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National survey: most don’t protect their online identity

Image from Tribune Media

An alarming number of people fail to take even the most basic precautions against identity theft and online fraud, according to a new national survey.

The American Association of Retired Persons (AARP) survey shows a pattern of risky online behavior among consumers despite many of them being directly affected in some manner by a data breach.

Nearly half (47 percent) of those surveyed say they have experienced fraudulent charges on their credit or debit card, yet only about 14 percent have ordered a security freeze on their credit report. In addition, only four in ten (43 percent) reported having online access to all of their bank accounts.

“Our survey results indicate that a lot of people may feel overwhelmed, and have just given up,” said Douglas Shadel, AARP’s lead fraud researcher. “Two-thirds of those surveyed said that given the number of data breaches that have occurred, they think it is inevitable that criminals will be able to exploit their credit at some point. But we are emphasizing that there are powerful things you can do to make sure that stolen data can’t be used against you,” Shadel said.

Using different and complex passwords is one simple way to help prevent identity theft. About half of the AARP survey respondents have used the same password for more than one online account.

“It is hard to remember multiple passwords, but if you constantly use the same password then you risk compromising all of your online accounts, including any social media accounts such as Facebook,” said Tom Terronez, CEO of Terrostar Interactive, a digital marketing agency based in Davenport, Iowa. “It is more secure to write your passwords down and then put them in a protected location such as a fire-proof safe,” Terronez suggests.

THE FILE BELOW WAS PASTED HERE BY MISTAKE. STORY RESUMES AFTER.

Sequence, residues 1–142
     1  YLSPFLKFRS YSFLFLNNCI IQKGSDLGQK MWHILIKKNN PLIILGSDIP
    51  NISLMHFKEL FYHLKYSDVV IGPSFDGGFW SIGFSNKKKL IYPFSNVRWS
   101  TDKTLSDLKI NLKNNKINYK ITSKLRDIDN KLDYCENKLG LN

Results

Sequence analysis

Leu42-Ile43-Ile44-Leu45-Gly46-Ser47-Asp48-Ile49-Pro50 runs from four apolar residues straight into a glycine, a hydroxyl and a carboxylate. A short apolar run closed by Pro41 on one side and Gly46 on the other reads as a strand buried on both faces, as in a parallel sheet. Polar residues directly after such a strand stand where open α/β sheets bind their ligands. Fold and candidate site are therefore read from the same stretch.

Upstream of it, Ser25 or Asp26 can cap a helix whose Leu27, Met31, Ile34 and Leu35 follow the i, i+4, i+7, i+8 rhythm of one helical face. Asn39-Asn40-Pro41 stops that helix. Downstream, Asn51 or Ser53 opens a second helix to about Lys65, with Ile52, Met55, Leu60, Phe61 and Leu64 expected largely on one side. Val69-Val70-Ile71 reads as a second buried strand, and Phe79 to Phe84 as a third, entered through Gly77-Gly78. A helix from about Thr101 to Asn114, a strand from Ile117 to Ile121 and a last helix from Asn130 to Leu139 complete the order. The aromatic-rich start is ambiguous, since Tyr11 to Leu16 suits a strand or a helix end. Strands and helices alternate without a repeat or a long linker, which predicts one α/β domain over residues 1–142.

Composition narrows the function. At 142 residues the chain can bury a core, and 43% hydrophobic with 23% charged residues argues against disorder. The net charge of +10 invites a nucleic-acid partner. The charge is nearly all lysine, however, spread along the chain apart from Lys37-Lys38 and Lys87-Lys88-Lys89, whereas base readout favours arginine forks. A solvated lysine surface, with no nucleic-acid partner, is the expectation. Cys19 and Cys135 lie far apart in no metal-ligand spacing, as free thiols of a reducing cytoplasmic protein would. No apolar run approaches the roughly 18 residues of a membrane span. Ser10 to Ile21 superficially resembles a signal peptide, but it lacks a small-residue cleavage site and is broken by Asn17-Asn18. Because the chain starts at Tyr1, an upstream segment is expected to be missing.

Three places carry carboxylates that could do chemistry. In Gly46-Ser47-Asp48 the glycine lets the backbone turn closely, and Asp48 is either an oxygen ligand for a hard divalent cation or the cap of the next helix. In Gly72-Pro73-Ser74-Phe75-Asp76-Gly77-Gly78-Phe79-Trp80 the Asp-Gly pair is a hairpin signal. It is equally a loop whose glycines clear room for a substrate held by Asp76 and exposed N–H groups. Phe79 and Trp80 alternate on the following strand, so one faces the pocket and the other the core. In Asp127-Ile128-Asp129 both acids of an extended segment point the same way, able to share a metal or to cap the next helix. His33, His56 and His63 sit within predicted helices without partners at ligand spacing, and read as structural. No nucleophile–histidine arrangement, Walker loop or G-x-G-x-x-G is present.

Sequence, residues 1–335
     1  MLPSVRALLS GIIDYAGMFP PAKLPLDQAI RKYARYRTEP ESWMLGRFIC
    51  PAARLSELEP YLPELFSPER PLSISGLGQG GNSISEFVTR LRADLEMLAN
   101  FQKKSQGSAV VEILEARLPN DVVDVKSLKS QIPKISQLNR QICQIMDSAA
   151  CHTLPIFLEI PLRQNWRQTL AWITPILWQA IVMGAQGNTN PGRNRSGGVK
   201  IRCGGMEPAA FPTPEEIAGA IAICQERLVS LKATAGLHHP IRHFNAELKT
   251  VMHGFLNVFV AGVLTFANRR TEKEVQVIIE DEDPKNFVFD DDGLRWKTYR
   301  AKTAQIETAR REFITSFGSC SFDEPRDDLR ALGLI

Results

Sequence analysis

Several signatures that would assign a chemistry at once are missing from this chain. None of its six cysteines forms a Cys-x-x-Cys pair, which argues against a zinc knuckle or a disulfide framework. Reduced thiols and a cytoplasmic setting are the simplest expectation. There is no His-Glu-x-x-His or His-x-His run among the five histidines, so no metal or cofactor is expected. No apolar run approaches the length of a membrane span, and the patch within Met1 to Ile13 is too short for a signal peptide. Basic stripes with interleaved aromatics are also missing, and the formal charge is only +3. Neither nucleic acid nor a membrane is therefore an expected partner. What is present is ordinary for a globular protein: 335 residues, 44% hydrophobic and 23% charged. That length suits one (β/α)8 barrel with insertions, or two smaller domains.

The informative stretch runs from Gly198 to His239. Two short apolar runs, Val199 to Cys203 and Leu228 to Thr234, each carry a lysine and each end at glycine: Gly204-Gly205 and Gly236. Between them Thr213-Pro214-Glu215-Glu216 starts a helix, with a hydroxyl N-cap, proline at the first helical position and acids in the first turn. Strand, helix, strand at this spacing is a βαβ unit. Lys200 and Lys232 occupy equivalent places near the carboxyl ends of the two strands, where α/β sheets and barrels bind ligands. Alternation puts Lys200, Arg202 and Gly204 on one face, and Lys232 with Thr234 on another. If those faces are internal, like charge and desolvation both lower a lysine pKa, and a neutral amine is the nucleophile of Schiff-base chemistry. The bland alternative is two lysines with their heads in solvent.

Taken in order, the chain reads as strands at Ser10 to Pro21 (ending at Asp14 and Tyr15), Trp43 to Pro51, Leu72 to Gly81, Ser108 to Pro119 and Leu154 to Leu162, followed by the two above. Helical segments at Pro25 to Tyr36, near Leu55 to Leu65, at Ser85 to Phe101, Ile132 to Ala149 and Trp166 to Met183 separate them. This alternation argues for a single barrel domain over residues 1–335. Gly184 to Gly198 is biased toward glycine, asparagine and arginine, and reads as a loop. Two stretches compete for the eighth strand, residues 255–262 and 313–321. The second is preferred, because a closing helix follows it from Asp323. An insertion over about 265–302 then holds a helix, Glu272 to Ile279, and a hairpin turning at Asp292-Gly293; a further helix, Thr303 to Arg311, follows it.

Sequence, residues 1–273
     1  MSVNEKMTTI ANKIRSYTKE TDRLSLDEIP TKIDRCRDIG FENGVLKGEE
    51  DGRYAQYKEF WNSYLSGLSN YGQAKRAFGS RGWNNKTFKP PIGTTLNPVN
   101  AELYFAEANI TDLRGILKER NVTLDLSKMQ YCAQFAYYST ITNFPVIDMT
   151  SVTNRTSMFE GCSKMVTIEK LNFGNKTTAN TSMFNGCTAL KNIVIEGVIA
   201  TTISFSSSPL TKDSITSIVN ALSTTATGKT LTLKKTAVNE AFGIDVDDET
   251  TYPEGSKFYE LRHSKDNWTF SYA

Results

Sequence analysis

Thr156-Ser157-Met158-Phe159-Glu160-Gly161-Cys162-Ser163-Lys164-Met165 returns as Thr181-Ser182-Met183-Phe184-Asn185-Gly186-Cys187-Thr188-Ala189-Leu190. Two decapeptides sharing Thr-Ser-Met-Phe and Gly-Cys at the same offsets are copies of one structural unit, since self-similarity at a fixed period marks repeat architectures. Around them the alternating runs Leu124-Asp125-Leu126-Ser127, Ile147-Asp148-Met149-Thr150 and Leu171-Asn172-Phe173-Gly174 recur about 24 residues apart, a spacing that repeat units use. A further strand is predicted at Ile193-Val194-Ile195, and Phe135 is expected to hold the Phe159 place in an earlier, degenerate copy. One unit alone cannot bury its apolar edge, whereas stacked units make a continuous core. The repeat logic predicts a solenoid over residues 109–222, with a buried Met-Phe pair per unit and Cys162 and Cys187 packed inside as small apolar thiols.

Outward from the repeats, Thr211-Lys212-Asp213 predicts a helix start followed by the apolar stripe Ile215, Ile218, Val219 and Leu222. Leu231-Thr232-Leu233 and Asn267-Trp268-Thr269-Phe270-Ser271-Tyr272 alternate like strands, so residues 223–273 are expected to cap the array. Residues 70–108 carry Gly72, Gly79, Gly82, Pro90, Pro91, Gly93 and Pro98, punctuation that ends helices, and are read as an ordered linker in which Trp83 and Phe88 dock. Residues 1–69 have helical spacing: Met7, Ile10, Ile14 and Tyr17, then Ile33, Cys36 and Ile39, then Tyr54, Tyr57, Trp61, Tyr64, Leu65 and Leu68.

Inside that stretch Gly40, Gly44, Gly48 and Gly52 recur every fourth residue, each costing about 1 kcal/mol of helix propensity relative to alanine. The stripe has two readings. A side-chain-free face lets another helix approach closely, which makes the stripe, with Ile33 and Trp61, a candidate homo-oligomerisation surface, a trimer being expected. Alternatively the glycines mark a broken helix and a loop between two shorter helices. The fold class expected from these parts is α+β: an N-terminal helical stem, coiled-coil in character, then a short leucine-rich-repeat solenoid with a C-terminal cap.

The AARP Fraud Network also recommends the following:

Order a Freeze – Put a security freeze in place with the three credit reporting bureaus so that no one can access your credit file or open a new credit account with your information. AARP offers a free guide to the process.  Traditionally there has been a fee for placing a freeze on your credit report, but beginning later this month the process is free.

Set up Digital Access – Set up online access to all of your financial accounts – bank accounts, credit cards, 401(k)s, etc. — and regularly monitor the accounts so you can stay up-to-date on all transactions and recognize any fraudulent activity that may occur.

Interested in testing your security smarts? Try this free online quiz.